Advice on the most tax efficient way to save £100k

We have recently downsized our house in order to release funds to send our children to private school. This has left us with c£100k which I am keen to transfer into a savings account to benefit from the high interest rates out there. I have already transferred £20k into an ISA but are there any other tax efficient ways that I can look at to maximise the return on this money? I am not prepared to risk the money by investing it into stocks and shares etc. Many thanks. 
«1

Comments

  • eskbanker
    eskbanker Posts: 29,861
    First Anniversary Name Dropper Photogenic First Post
    Forumite
    Harg8000 said:
    We have recently downsized our house in order to release funds to send our children to private school. This has left us with c£100k which I am keen to transfer into a savings account to benefit from the high interest rates out there. I have already transferred £20k into an ISA but are there any other tax efficient ways that I can look at to maximise the return on this money? I am not prepared to risk the money by investing it into stocks and shares etc. Many thanks. 
    If you say that 'we' have downsized and 'I' have put £20K into an ISA, then presumably the other half of the 'we' can do the same?

    If you're at the stage of knowing which school you want to send the children to, it might be worth discussing with them whether any sort of prepayment of fees (at current rates) might be possible on mutually advantageous terms?
  • If you're a higher rate taxpayer, it may be worth considering low-yield gilts, held until maturity. There's income tax on the coupon, but this is low, and the gain is mainly the difference between the buying and maturity price - and that is tax-free, for gilts. See eg Why it’s time to consider adding gilts to your portfolio (investec.com)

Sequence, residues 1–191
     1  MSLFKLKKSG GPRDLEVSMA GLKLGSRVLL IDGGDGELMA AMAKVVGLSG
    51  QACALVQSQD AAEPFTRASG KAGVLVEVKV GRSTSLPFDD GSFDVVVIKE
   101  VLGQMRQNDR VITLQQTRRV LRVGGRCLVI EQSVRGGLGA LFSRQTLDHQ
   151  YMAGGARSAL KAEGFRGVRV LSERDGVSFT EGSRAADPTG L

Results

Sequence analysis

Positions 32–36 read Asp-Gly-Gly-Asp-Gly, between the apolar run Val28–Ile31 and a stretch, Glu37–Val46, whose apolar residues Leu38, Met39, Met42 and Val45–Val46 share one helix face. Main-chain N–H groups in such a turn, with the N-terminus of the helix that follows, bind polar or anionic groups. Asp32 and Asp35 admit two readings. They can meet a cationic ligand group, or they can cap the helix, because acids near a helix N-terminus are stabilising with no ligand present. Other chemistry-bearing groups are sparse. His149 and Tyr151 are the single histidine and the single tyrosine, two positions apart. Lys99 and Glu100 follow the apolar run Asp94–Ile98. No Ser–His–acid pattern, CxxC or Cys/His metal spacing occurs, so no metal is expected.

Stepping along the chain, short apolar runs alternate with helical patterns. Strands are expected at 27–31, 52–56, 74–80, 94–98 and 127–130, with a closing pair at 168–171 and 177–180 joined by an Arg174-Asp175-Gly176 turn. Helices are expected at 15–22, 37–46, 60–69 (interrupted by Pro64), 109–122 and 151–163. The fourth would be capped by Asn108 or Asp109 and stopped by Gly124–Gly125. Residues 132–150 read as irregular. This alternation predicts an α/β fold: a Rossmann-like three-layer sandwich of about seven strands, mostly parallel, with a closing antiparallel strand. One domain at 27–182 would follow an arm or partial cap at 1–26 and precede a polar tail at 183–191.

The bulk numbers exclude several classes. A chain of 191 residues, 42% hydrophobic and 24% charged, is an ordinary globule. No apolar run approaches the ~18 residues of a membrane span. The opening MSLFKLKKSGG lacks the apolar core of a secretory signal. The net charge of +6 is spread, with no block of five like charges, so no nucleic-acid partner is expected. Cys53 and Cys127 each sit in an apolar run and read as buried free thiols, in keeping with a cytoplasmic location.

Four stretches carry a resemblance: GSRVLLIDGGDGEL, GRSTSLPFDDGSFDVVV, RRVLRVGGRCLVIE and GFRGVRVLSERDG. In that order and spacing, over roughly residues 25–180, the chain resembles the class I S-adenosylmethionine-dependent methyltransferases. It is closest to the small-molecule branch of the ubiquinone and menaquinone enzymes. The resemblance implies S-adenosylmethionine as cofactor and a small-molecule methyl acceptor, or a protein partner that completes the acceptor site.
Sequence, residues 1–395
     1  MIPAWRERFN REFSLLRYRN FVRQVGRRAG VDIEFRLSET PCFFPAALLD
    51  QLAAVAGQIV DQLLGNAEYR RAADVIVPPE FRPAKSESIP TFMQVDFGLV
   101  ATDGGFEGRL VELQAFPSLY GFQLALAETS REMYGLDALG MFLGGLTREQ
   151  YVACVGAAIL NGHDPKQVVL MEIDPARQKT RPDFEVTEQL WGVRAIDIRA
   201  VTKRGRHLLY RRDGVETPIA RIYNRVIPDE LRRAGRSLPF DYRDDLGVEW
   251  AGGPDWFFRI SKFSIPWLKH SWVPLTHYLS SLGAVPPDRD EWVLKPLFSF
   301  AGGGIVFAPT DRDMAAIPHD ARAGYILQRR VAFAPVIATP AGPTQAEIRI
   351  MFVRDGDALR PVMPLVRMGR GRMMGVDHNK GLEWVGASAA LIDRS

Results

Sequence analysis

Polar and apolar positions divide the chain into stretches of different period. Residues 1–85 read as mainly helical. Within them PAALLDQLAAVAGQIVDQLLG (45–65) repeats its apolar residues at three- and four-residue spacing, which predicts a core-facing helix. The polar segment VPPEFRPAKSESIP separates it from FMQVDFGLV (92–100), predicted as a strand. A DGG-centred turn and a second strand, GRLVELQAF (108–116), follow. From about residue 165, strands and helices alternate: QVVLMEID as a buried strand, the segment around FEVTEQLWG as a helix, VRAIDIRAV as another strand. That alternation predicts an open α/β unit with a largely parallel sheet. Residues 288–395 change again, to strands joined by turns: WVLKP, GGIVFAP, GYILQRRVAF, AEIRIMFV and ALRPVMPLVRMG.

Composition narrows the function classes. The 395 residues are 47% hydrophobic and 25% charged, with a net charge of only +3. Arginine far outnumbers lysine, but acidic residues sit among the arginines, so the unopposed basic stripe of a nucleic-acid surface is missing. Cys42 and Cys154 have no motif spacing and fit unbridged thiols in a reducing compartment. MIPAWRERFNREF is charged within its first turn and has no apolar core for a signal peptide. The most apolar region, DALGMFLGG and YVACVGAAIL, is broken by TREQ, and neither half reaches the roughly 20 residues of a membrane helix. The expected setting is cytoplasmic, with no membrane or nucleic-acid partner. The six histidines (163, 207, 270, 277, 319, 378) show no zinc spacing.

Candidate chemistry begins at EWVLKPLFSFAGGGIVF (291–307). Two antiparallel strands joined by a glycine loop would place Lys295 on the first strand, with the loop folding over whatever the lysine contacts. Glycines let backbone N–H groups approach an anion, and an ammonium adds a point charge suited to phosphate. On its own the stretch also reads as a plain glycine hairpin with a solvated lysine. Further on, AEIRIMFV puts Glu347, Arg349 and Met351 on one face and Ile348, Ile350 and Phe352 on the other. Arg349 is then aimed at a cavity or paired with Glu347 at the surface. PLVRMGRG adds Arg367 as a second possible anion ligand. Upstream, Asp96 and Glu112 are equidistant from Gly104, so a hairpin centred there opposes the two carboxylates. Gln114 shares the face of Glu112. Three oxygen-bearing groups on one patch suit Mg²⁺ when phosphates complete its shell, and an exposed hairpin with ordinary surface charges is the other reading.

Gilt Yields (yieldgimp.com) gives a list of the ones available, and what their net yield is for a 40% taxpayer.
    There are also index-linked gilts, which are more complicated, but may be a good idea for something like fees that are likely to vary with inflation.
  • eskbanker said:
    Harg8000 said:
    We have recently downsized our house in order to release funds to send our children to private school. This has left us with c£100k which I am keen to transfer into a savings account to benefit from the high interest rates out there. I have already transferred £20k into an ISA but are there any other tax efficient ways that I can look at to maximise the return on this money? I am not prepared to risk the money by investing it into stocks and shares etc. Many thanks. 
    If you say that 'we' have downsized and 'I' have put £20K into an ISA, then presumably the other half of the 'we' can do the same?

    If you're at the stage of knowing which school you want to send the children to, it might be worth discussing with them whether any sort of prepayment of fees (at current rates) might be possible on mutually advantageous terms?
    Yes sorry myself and my wife have both maximised our ISA allowances for the 23/24 financial year. 

    I like the idea of pre-paying the fee's so will pick this up with the school. Thank you. 
  • george4064
    george4064 Posts: 2,791
    First Anniversary Photogenic Name Dropper First Post
    Forumite
    edited 25 October 2023 at 3:13PM
    Harg8000 said:
    eskbanker said:
    Harg8000 said:
    We have recently downsized our house in order to release funds to send our children to private school. This has left us with c£100k which I am keen to transfer into a savings account to benefit from the high interest rates out there. I have already transferred £20k into an ISA but are there any other tax efficient ways that I can look at to maximise the return on this money? I am not prepared to risk the money by investing it into stocks and shares etc. Many thanks.